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An elevator pitch is a business tool that you can whip out of your pocket to let others in your industry understand who you are, what you are passionate about, and what you bring to the table quickly and effectively. A well-scripted elevator pitch is handy at trade events, job fairs, when speaking to customers, and when making new connections.
How do I write a pitch?
If you have ever written a cover letter, think of your elevator pitch as a boiled down version of your opening paragraph where you are trying to convince a potential employer that your resume is worth looking at. Another way to look at it is to think of all the marketing you see every day. The most effective marketing efforts tell you what you need to know about a product or service in as few words as possible. No reason you can’t do the same about yourself!
A good elevator pitch should include four points:
- A friendly introduction
- A brief explanation of what you do
- What you want out of this interaction
- A call to action/next steps
Let’s put these into action to see what a basic elevator pitch might look like for a pole studio owner looking for a new employee:
(Friendly introduction) “Hi! My name is Susan. Nice to meet you! (Explanation of what you do) I am a certified pole instructor and have owned this studio for five years. I am always exploring innovative teaching techniques with a focus on safety, personal growth, and having fun. (What you want out of the interaction) I would love to have you take a tour of the studio and sit in on some classes to see if you feel like this is the right place for you. (Call to action/next steps) Can I call you next week to set up a time?”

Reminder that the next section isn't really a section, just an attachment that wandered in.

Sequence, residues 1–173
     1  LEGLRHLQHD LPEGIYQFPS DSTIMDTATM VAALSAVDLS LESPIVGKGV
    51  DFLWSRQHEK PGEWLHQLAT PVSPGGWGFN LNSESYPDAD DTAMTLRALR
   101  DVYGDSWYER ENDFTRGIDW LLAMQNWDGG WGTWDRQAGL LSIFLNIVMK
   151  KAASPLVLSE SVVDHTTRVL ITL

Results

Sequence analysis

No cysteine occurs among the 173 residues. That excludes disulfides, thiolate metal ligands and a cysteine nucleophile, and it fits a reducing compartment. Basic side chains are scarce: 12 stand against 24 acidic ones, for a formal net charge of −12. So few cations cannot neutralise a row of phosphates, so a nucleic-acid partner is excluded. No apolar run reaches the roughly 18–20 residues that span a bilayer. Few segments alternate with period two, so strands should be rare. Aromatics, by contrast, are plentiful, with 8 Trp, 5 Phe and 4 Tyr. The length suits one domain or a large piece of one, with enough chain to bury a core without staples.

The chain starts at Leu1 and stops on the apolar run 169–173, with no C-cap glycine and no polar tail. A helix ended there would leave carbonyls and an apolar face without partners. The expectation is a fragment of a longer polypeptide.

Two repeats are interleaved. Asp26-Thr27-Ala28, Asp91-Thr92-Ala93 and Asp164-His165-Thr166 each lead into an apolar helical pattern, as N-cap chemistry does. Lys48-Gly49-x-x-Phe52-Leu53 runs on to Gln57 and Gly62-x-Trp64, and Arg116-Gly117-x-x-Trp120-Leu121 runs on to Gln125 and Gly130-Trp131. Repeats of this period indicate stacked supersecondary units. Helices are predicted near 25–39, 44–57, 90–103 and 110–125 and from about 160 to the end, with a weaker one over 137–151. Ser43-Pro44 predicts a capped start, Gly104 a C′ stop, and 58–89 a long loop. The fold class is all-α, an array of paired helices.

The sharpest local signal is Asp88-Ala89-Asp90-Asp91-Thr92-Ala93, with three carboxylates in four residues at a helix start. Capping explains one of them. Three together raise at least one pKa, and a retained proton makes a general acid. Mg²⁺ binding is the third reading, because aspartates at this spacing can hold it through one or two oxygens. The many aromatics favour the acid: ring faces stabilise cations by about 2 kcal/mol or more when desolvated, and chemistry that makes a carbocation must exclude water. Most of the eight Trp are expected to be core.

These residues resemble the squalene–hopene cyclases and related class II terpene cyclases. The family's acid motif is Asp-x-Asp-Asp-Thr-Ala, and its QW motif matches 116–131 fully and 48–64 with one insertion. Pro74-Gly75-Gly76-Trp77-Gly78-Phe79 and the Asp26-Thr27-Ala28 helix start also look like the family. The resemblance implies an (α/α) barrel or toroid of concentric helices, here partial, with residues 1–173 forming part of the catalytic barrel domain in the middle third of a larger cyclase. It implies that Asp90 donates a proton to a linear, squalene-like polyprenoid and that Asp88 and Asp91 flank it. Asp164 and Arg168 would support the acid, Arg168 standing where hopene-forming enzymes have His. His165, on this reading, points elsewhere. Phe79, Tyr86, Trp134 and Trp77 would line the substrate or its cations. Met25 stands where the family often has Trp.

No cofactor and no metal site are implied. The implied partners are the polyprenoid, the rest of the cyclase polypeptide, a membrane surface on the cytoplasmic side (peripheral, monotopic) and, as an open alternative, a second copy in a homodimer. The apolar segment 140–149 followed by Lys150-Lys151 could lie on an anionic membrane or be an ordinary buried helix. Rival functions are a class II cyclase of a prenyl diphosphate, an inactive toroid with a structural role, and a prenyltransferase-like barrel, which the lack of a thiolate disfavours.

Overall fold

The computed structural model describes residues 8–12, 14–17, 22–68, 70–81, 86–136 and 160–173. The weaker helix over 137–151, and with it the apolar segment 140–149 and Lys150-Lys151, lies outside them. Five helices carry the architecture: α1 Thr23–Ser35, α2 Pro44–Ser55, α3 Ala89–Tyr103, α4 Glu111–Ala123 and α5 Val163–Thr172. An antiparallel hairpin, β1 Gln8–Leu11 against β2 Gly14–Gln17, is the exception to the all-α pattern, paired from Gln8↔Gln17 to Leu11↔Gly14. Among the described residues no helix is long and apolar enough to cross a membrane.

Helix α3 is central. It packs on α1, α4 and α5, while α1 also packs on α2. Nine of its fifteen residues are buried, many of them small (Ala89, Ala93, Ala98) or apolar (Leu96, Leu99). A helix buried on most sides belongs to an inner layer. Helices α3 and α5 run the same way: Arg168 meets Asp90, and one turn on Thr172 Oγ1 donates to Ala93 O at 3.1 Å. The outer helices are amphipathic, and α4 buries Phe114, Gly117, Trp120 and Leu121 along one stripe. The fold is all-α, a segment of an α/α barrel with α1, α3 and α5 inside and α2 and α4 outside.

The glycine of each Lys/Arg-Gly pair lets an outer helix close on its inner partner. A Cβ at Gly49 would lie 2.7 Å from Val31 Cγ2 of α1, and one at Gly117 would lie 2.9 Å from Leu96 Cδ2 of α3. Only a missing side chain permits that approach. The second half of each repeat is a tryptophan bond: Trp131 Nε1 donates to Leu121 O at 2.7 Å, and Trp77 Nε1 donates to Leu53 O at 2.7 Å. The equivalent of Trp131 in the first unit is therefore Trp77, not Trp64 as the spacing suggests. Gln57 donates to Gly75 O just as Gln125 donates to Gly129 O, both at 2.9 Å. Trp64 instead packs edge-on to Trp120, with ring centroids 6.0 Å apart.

Now, let’s flip this pitch and look at it from the perspective of a teacher looking for work at a pole studio:
(Friendly introduction) Hi! My name is Joshua. So great to meet you! (Explanation of what you do) I have been pole dancing for a decade and have recently become a certified instructor. (What you want out of the interaction) I am looking for a part-time teach position at a studio that prioritizes safety, personal growth, and having fun. I would love to talk to you more about the teaching position you posted recently. (Call to action/next steps) Can I email or call you tomorrow to talk more about it?
How do I present a pitch?
First, pace yourself. You want your pitch to be conversational, not robotic. Some people might prefer having their pitches memorized, while others might just like to have a bulleted list in mind to make it sound more natural. Practice with friends or in front of a mirror so that it doesn’t sound like you are reading from a teleprompter or racing through to get it over with.
Second, tailor your pitch when needed. Although you will use the same pitch most of the time, you might want to make it longer or shorter depending on the type of event or who you are speaking to. Having a few different versions to pull from will be handy.
Lastly, know your audience. Not everyone wants to hear your pitch, and that’s ok. Gauge their response and pivot when needed. Some folks are just hard nuts to crack, don’t have time right now, or prefer to communicate differently. In any of these cases, it’s ok to change your course of action/next steps or drop your pitch if the recipient isn’t interested.
Think of your elevator pitch as a tool you can keep in your back pocket to help boost your business, get the job, or find the right clients or customers.